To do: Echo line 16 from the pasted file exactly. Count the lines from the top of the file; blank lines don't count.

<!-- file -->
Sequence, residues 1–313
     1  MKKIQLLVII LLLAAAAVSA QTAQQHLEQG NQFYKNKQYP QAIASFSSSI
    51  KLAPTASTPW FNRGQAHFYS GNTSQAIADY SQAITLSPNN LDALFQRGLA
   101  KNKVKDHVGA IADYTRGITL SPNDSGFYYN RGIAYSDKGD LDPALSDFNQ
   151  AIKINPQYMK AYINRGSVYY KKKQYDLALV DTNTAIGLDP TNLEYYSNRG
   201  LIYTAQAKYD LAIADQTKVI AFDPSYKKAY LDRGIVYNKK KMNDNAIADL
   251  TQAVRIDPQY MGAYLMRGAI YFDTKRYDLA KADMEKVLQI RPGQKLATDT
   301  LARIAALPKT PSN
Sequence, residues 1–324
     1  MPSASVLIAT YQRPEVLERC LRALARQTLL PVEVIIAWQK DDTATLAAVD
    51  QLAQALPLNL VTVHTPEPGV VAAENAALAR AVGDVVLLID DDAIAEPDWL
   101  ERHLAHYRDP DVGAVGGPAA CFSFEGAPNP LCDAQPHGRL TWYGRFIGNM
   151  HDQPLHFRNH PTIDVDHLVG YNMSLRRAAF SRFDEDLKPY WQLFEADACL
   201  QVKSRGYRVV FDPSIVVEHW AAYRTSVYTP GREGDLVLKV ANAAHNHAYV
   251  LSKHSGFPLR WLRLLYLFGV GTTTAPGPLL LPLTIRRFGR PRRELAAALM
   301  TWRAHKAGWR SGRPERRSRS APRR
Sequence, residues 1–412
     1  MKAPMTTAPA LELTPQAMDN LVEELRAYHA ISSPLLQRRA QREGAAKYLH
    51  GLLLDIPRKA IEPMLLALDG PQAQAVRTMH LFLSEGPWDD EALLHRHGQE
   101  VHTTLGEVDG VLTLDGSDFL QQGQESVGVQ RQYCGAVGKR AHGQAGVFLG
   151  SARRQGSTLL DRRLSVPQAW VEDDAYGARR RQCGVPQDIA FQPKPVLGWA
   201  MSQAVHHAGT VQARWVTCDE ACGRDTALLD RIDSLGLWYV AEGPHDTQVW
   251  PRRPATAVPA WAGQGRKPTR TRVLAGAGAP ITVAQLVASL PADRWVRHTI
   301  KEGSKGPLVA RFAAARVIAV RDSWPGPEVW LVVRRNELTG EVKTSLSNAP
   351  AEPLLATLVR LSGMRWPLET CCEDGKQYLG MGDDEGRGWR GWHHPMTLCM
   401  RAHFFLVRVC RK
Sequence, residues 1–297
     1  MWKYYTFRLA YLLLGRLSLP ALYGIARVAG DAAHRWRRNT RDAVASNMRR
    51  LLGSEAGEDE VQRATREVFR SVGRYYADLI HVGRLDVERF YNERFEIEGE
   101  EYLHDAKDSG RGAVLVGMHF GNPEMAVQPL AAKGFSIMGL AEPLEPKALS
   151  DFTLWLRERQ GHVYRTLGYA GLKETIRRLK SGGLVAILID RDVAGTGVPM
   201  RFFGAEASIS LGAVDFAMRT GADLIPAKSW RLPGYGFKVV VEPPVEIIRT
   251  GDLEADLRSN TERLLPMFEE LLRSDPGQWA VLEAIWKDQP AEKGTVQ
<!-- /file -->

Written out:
   301  TWRAHKAGWR SGRPERRSRS APRR